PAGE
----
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Gaming Guru

Jeff Simpson
 

Economic Impact: Mirage to Take Big Hit

8 October 2003

LAS VEGAS -- The closing of one of the Strip's biggest shows after Friday's tiger mauling of Siegfried & Roy star Roy Horn is the second big hit absorbed by The Mirage this year.

After The Mirage's parent company, MGM Mirage, was stung with a $5 million fine and harsh criticism from state gaming regulators after it failed to file thousands of federal anti-money laundering forms, Horn's injuries and the indefinite closing of the popular Strip magic show planted a second solid fiscal haymaker on the nearly 14-year-old Strip megaresort, experts said.

Siegfried & Roy's 13 1/2-year sellout streak at The Mirage is testament to the illusionists' continuing popularity as well as their financial contribution to the property.

The duo and their cast of 267 performed six shows weekly before capacity crowds of 1,503 paying an average of $110 each, including tax. They performed about 45 weeks per year, meaning Siegfried & Roy generated about $44.6 million in annual pretax ticket revenue.

But with Horn still in critical condition Monday, MGM Mirage spokesman Alan Feldman said it is inappropriate to talk about the financial fallout from the show's closure.

"With all respect, we don't view this tragedy as a financial story," Feldman said. "We view it as a personal story, of Roy and his struggles and of the cast and the challenges they face."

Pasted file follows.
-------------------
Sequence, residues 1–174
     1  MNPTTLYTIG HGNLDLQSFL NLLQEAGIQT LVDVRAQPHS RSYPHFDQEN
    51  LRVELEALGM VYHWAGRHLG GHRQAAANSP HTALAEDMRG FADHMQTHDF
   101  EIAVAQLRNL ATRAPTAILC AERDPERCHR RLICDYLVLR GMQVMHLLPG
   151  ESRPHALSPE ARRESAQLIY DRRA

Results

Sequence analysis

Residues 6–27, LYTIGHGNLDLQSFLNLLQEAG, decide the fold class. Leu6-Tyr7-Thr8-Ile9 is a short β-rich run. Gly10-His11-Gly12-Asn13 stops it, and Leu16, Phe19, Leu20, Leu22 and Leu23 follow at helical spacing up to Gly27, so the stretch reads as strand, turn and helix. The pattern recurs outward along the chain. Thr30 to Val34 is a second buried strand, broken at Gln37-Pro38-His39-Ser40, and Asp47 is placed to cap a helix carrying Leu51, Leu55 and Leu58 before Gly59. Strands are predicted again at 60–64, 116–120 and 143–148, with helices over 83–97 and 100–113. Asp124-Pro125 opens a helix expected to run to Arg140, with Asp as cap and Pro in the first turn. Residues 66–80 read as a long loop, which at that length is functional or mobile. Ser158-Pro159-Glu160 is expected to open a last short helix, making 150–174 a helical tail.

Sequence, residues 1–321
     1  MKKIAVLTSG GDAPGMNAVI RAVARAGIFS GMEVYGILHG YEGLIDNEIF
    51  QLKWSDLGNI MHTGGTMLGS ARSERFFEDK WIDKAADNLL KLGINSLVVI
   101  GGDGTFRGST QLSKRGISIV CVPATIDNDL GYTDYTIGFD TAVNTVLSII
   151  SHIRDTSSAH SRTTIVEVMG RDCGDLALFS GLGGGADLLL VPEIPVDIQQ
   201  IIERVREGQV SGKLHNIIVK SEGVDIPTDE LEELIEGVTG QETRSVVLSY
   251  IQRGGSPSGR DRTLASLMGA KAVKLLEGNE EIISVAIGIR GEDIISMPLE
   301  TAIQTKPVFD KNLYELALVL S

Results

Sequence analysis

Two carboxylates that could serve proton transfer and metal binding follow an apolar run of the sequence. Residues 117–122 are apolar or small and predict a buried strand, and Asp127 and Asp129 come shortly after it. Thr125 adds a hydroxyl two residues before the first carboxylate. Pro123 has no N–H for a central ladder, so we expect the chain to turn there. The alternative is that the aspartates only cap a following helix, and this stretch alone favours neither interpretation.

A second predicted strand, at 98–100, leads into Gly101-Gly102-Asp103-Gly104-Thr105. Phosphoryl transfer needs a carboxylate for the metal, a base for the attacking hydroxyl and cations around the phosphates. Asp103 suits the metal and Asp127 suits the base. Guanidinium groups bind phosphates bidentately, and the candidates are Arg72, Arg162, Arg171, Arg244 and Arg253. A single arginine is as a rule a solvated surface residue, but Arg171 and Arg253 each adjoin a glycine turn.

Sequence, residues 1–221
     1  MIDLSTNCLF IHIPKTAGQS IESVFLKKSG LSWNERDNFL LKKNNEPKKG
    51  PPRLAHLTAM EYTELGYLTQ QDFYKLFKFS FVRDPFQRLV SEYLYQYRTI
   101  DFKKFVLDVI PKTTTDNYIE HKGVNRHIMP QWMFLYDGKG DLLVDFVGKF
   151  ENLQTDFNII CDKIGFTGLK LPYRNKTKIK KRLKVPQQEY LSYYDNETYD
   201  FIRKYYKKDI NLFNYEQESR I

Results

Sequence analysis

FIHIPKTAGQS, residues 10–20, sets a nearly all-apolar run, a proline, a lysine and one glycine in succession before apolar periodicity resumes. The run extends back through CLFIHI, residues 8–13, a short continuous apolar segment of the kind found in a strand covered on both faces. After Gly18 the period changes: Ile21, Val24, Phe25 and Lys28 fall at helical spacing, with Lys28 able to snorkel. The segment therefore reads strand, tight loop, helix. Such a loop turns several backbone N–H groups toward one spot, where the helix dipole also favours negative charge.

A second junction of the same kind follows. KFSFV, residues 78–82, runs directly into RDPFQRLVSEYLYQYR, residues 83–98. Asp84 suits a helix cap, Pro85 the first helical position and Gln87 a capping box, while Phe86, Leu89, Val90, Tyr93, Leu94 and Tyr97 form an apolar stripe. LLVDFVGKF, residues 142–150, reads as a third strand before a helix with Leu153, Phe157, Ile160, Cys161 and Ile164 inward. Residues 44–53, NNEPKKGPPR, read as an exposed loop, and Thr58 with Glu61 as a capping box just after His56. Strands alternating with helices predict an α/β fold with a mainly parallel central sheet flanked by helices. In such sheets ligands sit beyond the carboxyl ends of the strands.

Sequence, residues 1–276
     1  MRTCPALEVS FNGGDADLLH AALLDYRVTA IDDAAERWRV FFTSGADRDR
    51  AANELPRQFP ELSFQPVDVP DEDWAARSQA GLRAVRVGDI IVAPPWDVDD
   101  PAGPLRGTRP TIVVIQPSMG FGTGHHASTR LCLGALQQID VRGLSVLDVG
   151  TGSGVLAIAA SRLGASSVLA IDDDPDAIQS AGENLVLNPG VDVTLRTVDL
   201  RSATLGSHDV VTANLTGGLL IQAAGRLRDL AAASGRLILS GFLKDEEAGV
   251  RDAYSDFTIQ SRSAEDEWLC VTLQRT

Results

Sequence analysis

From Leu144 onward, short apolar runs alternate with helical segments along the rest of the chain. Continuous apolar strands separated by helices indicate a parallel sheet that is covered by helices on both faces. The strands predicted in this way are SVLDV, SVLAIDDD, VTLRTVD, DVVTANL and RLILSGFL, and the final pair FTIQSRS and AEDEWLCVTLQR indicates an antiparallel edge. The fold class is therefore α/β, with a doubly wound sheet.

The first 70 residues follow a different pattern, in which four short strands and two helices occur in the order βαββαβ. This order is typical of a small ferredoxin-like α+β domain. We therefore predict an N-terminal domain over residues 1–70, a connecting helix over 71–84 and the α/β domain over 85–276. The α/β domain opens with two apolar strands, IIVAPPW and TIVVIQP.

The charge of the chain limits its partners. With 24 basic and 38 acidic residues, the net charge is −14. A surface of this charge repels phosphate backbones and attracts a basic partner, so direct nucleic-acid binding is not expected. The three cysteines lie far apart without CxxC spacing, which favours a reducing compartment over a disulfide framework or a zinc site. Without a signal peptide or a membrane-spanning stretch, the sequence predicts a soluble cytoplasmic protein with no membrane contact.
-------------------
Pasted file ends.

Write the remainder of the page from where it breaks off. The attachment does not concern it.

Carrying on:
Feldman also refused to speculate on the property's plans to replace the show.

But several Wall Street analysts said Monday the loss of the show will hit The Mirage hard.

"(Closing Siegfried & Roy) will have an impact on entertainment revenue, food and beverage revenue and gaming revenue," Deutsche Banc casino debt analyst Andrew Zarnett said. "We've seen from the Celine Dion show, when you're able to generate 4,000 incremental guests a night, you pump up revenue from food and beverage and from gaming. There has to be a short-term impact."

Zarnett predicted the normally slow holiday season will soften the blow.

"They're normally off from the end of November to the end of Christmas, so it won't be that big an impact in the fourth quarter, but it'll have an impact."

Lehman Brothers casino analyst Joyce Minor estimated that MGM Mirage gets less than half the revenue from Siegfried & Roy ticket sales.

Deutsche Banc casino equity analyst Marc Falcone agreed the lost ticket revenue isn't as significant as the casino, retail, food and beverage revenue that would have accompanied showgoers.

Falcone predicted the show's closing could cut the company's annual profit by about 10 cents per share.

MGM Mirage shares closed down almost 1 percent Monday, down 35 cents to $36.48.

Still, The Mirage's lost revenues won't seriously hurt the financial health of the property or its parent, one informed source said.

"The Secret Garden (poolside animal attraction), the white tiger exhibit, and the gift shops will all remain open," one source said. "It's not like The Mirage is losing all Siegfried & Roy-related revenue."

The parent company's financial position is even less threatened, said the source, who spoke on condition of anonymity.

"This is a company with $4 1/2 billion in revenue, and Siegfried & Roy is a show that produces about $45 million in ticket revenue," the source explained.

The Associated Press and Bloomberg News contributed to this report.